teaching resource

Arrays Beanbag Toss

• Updated:  11 Nov 2023

Engage your students with a fun, whole-class game when learning about arrays.

• Non-Editable:  PDF

• Pages:  17 Pages

• Years:  2 - 3

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teaching resource

Arrays Beanbag Toss

• Updated:  11 Nov 2023

Engage your students with a fun, whole-class game when learning about arrays.

• Non-Editable:  PDF

• Pages:  17 Pages

• Years:  2 - 3

Engage your students with a fun, whole-class game when learning about arrays.

How Can I Use an Array to Model Multiplication?

Using an array to model multiplication is a visual way to represent the concept of equal groups and the relationship between factors and products. If you are looking for a step-by-step guide on how to use an array to model multiplication, check this one out!

First, let’s use the example 4 x 3. The first number (4) represents the number of rows. The second number (3) represents the number of columns.

Draw the rows and columns. One way to do this is to draw 4 horizontal lines to represent the 4 rows and 3 vertical lines to represent the 3 columns.

Starting from the top-left corner, draw an object to fill in each row and column.

Count the total number of objects in the array. In this case, it’s 4 rows of 3, so there are 12 objects in total.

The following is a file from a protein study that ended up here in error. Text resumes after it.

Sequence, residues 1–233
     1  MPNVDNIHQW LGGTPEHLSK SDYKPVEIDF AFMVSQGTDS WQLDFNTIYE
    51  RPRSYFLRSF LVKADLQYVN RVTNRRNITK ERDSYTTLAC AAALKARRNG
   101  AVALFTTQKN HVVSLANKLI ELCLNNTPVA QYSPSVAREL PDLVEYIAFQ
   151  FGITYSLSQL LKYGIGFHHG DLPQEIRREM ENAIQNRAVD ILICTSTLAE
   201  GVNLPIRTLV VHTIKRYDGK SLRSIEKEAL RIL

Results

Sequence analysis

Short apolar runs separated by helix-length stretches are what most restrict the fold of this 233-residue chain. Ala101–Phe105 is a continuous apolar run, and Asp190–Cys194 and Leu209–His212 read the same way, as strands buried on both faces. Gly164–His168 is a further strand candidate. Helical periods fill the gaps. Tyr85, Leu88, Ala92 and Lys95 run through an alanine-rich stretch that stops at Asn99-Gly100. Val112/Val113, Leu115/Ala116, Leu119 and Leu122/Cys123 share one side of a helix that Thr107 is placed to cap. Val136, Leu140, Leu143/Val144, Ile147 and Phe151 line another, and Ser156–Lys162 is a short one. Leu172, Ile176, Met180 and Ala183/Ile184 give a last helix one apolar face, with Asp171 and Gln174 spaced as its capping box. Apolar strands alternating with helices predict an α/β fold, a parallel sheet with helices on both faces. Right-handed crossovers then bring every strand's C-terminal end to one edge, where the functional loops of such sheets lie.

Let’s Play! Arrays for Years 2 and 3

If you are looking for a fun activity that will get your students up and moving while learning at the same time, you have come to the right place! Teach Starter has created an engaging bean bag toss game for your year 2 and 3 students as they are learning how to represent multiplication facts as arrays.

To play this game, simply print out the array cards and multiplication cards. Consider printing them on cardstock and laminating them for durability.

1. Arrange the array cards on the floor in front of the group. As the beanbag is going to be tossed to land on these cards, the cards will need to be placed a manageable distance away.
2. Place the number sentence cards in a pile upside down on the floor.
3.  The first ‘thrower’ turns over a number sentence card. They scan the array cards to find the one that matches the number sentence. Once they’ve found the matching card, they attempt to toss the beanbag so that it lands on the array card.
4. If the thrower is successful, they keep both the array card and the number sentence card. If not, the array card remains where it is, and the number sentence card is placed at the bottom of the pile.
5. Play then moves to the next ‘thrower.’